For instance, the rise of the Do It Yourself (DIY) movement has increased interest in cooking and cookware. On eBay, the cookware category has experienced consistent year-over-year growth in sales volume. From June 2013 to April 2014, the dollar volume for woks, induction cooking and cast iron grew at an identical pace. However, in terms of unit volume, induction cooking is growing the fastest.

Whereas Amazon is going to carry all three items and then thousands of cooking tools that rarely get bought, as a small merchant, you can be more selective. You could choose to specialize in induction cooking, and then examine selling prices, sell-through rates, listing durations, total sales, top keywords and other data to optimize your selection. As you shop manufacturers, you can also use such data to source induction cooking goods at the lowest possible price. You can also gear a huge percentage of your marketing budget towards that category.

As with short-term strategies, specialization and data analysis can help you match big retailers on price and shipping while letting you build your reputation for a specific, profitable subset of goods.

Thriving Versus Surviving

As consumers grow accustomed to buying everything with a one-click checkout process and one or two-day shipping on Amazon, they begin to look there first. Unless you have secret plans to build delivery drones faster than Amazon, you should prioritize investments that focus on improving profit margins and allow you to sell at lower prices – therefore allowing you to better compete with the big e-tailers on shipping times. This needs to be considered immediately, because the arrival of Alibaba in the U.S. will only cause Amazon to fight harder.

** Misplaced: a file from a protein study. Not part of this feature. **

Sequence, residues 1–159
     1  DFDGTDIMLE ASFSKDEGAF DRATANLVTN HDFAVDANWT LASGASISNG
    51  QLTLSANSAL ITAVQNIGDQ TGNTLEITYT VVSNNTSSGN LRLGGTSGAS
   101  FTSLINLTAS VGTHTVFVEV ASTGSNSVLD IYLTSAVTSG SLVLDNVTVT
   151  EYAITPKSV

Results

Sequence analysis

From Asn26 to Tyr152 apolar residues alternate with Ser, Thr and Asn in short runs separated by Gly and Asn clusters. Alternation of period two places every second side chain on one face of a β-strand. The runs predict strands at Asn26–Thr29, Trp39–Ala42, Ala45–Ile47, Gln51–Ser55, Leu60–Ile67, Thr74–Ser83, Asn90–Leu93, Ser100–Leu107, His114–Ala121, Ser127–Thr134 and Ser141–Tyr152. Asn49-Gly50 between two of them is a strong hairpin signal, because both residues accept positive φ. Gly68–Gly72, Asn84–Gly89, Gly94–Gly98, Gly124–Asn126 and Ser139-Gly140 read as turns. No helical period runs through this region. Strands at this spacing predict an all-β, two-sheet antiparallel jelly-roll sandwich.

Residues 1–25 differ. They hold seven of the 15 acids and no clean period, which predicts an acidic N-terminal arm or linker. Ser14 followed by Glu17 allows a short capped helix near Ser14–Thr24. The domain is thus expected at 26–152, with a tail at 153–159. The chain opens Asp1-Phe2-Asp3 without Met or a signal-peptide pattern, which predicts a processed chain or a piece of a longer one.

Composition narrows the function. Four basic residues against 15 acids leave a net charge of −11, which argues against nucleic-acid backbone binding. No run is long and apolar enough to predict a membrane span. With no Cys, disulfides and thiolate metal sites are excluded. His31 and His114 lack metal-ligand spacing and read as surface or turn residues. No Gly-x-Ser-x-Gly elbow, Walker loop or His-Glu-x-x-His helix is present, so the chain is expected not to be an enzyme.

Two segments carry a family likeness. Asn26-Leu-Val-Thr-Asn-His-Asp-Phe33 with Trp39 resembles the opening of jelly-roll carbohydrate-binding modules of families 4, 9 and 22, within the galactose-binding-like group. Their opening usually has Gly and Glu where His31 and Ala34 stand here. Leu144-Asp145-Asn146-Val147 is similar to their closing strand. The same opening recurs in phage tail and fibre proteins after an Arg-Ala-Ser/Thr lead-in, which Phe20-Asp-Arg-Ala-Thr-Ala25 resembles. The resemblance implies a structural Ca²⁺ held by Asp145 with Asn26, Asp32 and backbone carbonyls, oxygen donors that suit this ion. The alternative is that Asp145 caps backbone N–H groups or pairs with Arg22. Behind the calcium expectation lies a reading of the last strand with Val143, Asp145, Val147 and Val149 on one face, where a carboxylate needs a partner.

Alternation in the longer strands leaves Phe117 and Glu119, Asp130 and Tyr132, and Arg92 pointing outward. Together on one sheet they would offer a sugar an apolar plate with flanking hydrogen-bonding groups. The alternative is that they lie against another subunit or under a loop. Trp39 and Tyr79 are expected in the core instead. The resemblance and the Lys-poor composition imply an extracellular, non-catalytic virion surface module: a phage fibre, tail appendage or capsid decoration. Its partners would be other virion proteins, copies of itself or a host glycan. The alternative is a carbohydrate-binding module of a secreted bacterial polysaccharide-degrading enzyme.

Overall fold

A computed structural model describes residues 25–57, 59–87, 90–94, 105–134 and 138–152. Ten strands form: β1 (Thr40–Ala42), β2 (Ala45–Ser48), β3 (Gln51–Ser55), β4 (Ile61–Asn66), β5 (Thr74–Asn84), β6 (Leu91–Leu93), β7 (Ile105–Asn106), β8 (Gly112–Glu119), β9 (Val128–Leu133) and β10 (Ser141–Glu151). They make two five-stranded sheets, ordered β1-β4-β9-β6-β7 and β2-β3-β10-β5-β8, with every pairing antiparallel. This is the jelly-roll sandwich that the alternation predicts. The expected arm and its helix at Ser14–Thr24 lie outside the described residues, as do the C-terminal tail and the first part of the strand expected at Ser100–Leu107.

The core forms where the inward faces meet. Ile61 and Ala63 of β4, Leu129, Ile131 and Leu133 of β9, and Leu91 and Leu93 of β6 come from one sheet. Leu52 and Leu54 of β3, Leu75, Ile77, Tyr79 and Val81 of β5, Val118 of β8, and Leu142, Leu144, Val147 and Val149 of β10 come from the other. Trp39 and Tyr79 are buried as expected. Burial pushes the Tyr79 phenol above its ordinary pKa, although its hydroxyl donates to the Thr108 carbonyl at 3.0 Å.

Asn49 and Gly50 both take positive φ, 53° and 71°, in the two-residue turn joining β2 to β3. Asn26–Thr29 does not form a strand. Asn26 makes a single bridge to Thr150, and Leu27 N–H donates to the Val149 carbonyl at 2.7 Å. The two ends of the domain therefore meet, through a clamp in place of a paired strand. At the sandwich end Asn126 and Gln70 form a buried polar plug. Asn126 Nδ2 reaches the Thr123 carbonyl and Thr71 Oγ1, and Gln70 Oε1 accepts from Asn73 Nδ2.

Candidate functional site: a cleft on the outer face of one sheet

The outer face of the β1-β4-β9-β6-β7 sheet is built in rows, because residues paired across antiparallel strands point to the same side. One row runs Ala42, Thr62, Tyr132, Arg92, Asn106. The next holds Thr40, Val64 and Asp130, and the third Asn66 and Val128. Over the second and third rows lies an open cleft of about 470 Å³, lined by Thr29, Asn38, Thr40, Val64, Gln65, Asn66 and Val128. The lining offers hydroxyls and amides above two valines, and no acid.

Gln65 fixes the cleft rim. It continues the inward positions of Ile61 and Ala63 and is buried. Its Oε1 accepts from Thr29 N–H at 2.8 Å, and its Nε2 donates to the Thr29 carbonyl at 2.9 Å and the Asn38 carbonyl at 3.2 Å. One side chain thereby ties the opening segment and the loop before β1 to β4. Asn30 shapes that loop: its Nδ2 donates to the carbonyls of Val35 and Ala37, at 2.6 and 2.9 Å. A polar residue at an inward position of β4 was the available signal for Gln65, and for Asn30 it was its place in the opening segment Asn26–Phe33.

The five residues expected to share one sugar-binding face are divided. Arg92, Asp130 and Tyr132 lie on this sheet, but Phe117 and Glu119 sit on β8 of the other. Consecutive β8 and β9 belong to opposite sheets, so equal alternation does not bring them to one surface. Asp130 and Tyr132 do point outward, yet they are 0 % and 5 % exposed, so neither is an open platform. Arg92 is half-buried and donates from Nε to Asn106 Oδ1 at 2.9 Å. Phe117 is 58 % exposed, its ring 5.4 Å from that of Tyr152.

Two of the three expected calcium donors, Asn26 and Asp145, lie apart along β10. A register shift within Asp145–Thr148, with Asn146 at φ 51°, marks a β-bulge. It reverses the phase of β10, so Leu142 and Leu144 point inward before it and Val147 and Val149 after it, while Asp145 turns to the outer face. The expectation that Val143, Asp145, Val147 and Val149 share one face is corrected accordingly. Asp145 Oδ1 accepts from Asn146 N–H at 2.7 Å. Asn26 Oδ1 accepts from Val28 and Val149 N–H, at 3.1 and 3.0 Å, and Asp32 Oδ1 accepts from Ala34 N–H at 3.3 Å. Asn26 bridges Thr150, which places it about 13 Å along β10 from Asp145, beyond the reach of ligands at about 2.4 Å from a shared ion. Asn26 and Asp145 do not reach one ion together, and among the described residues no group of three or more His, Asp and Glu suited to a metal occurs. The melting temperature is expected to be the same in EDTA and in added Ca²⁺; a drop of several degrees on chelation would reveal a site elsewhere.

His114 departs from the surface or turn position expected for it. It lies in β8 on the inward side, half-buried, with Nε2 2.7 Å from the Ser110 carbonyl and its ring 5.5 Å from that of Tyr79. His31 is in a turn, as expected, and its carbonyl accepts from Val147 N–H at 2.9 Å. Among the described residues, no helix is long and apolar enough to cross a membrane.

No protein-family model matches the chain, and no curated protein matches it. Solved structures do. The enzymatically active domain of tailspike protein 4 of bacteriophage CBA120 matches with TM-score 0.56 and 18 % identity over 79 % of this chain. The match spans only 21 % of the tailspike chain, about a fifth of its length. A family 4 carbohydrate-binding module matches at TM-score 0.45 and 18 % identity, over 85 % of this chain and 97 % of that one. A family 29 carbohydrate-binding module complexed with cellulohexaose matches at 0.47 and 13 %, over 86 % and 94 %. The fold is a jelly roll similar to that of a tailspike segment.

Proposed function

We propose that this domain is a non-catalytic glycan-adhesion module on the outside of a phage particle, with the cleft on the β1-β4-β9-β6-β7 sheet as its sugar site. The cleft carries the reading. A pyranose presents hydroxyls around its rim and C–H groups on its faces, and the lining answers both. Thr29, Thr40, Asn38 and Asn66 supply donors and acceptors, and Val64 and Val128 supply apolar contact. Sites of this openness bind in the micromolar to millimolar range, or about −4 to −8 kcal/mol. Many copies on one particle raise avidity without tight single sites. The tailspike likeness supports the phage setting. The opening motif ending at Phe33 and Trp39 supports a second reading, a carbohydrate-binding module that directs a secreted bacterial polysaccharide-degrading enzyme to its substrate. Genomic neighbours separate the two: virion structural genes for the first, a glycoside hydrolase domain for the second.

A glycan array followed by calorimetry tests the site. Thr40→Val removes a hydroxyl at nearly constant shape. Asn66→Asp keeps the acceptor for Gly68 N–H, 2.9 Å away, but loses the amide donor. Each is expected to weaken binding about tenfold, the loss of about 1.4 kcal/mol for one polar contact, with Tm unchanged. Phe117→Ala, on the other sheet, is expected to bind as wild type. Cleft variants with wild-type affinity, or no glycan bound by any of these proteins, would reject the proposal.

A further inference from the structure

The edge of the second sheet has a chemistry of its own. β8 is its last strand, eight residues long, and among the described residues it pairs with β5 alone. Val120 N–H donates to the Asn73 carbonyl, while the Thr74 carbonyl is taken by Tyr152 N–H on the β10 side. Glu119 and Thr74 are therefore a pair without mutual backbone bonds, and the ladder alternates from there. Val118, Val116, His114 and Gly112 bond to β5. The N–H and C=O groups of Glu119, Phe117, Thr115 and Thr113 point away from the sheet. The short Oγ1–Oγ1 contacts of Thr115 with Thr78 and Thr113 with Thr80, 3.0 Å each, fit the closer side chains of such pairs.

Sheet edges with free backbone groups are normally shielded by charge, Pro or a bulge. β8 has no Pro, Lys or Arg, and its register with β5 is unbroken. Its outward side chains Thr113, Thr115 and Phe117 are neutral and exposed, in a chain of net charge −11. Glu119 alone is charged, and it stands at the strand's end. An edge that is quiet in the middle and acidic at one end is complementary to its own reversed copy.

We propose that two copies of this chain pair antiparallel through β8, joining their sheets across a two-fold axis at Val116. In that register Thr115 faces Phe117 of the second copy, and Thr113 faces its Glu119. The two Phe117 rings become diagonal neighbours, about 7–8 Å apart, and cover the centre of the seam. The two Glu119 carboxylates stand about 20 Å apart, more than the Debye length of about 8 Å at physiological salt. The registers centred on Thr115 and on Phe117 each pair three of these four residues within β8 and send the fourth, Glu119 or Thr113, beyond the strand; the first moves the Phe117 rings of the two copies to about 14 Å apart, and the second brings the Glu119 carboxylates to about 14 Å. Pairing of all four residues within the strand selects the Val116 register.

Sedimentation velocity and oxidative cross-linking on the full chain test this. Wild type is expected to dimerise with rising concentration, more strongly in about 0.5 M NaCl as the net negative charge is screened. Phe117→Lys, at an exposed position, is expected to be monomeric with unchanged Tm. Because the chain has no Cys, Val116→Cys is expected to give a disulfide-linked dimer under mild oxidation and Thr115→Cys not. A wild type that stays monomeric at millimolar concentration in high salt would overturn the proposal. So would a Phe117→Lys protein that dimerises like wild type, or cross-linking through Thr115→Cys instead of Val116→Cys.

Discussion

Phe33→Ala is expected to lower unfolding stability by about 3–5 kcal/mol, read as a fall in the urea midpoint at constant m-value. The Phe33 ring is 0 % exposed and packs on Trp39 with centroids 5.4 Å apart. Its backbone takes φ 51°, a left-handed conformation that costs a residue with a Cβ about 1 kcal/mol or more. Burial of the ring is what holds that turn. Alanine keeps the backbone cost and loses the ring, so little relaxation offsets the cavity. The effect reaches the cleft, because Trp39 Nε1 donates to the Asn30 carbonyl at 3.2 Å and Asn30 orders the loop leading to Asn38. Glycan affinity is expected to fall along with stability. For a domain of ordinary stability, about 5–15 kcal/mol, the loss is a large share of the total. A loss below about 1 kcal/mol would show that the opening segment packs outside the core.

As I’ve demonstrated above, big data IS your future if you’re a small or mid-size ecommerce merchant. Big data allows you to take advantage of short-term and long-term trends with a level of commitment that big retailers cannot match. Unlike big sellers that are under an obligation to sell goods year round and continue selling products that have already begun to decline, you can sell only hot ticket items. Armed with data and gifted with agility, you can run a much leaner, thoughtful and more data-driven operation than some of the larger companies. When you succeed there, you can afford to offer pricing and shipping that competes with the big sellers.

As big e-tail continues to expand its market share, small merchants without a competitive advantage will go under. Those who use big data to carve out opportunity will thrive.

Related Items:

The Big Data Inside Amazon’s New Fire Phone

MUJI Finds Retail Mojo with Hybrid Analytics

How Sparse Data Can Drive Information Density


About the author: Kevin North is the president and CEO of Terapeak, a provider of market research tools for online sellers. North joined the company in January 2012 to establish Terapeak’s US headquarters in Silicon Valley.